Bloggity-Blog-Blog-Blog Archive XVI
Laura "Tegan" Gjovaag's Aquacave

Saturday, February 08, 2003  

Final Thoughts for the Night

Here's a review to cap off the week:

This Aquaman story, from More Fun #75, features the first appearance of the Aquacave (an Atlantean temple), the second appearance of Black Jack the Modern Pirate, and only the third appearance of Aquaman himself. While there are some uneducated stereotypes, the natives in the story mostly come off as intelligent. And the artwork is fantastic! Paul Norris at his prime could give any modern artist a run for their money in the storytelling department. I did finally write back to Mr. Norris, and I hope I didn't overwhelm him with questions.

Tomorrow is the first ever Emerald City ComiCon, so expect not much blogging until it's time to write the con report.

posted by Tegan | 9:06 PM

It's All Greek To Me!

There was another memorable test I took in college. I'm lousy with foreign languages. I would love to become fluent in Spanish or Greek or whatever, but I can't seem to make the final leap into actual understanding. I took three years of Spanish in High School, and I learned the structure of the language quite well. But when I read or hear it, the language still makes very little sense. I have to struggle through it.

Well, when I got to college I was determined to take Latin. I thought it was dumb that Latin wasn't taught in High School. So I was going to get into the Latin course and learn it all. But at Western, starting Latin was only offered every other year, and my schedule didn't allow for it. I had to take the other language they offered, or none at all. So I took Greek.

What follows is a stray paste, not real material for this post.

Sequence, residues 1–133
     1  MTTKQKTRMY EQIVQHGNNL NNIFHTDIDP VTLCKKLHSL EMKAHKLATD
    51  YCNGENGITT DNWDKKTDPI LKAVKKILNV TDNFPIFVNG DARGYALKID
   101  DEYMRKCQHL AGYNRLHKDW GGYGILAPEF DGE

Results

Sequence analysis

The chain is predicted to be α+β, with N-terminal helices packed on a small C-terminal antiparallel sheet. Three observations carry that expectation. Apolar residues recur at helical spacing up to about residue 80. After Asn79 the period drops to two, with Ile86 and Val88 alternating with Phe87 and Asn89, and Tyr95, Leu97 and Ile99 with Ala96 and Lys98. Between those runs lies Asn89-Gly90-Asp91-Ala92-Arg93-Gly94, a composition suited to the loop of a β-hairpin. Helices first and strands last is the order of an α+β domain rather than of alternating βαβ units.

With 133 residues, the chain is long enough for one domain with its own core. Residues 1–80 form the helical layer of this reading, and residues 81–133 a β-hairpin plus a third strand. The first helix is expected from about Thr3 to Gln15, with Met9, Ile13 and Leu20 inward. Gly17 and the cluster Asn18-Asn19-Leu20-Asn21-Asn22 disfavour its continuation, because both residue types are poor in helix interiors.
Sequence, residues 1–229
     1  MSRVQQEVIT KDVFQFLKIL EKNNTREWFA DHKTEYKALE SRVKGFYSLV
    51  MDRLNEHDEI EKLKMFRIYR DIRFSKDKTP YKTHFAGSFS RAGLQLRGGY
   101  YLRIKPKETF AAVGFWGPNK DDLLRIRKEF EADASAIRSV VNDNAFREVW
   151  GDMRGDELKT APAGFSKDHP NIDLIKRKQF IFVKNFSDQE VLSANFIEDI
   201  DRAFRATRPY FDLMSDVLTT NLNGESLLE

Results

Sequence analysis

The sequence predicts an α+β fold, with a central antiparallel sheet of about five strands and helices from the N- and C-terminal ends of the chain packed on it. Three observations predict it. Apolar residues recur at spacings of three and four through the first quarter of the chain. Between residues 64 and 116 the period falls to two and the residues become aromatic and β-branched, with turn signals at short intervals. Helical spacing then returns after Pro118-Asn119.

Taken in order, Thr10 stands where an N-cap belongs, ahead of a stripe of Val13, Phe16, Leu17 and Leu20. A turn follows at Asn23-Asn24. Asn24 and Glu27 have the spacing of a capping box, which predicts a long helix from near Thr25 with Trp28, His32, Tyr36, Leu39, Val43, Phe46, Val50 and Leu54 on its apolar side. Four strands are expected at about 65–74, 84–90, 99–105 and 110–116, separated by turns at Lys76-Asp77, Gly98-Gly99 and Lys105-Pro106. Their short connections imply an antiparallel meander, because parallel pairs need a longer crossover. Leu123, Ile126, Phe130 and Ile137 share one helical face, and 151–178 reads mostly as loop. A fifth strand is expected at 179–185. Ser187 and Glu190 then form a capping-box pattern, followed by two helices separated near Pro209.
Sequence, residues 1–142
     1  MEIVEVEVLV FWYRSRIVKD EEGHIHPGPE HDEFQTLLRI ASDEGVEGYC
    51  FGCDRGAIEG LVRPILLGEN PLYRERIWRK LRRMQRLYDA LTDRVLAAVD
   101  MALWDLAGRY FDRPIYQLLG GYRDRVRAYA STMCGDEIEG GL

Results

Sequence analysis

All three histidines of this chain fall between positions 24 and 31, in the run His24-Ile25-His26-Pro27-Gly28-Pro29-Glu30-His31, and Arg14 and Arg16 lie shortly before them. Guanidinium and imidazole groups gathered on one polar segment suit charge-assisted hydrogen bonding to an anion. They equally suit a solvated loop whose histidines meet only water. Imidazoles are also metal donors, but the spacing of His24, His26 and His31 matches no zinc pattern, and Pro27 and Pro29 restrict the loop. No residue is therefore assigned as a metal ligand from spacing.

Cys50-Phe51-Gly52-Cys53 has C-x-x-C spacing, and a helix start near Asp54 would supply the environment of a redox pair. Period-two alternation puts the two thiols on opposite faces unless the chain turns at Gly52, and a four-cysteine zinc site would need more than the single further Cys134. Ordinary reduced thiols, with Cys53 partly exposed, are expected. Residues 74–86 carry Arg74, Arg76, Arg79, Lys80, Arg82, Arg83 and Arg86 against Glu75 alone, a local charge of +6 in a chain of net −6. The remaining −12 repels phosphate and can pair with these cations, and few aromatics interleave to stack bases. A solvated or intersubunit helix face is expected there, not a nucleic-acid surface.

I did awful. I stuck with it for three years, but I didn't do well at all. I think the teacher and my fellow students were amazed at my stubborness. I passed, but barely. I seem to recall going to pass/fail at some point so it wouldn't continue to drag down my GPA.

Anyway, there was a test in this class, I honestly don't recall what year, that made me laugh for ages afterwards. I guess I stuck with the class because it was so much fun... Toonces the Driving Cat would sometimes show up on the tests or in homework. So "expect the unexpected" was a sometimes mantra for the class.

The first rule of translation is that it must make sense. Most people don't write stuff that doesn't make sense, so when you translate, you work on the theory that the piece you are translating made sense in the original language. Thus, when a test was to translate a few paragraphs, I could usually make sure I was doing it right by whether or not it made sense.